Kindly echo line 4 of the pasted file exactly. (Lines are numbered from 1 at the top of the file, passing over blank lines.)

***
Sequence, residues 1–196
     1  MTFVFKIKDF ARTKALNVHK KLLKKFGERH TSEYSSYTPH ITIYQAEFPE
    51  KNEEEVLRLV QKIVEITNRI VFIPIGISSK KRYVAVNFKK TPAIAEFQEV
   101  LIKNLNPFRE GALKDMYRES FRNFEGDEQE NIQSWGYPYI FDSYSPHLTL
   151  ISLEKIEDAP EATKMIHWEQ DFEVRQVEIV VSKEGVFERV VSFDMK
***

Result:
   101  LIKNLNPFRE GALKDMYRES FRNFEGDEQE NIQSWGYPYI FDSYSPHLTL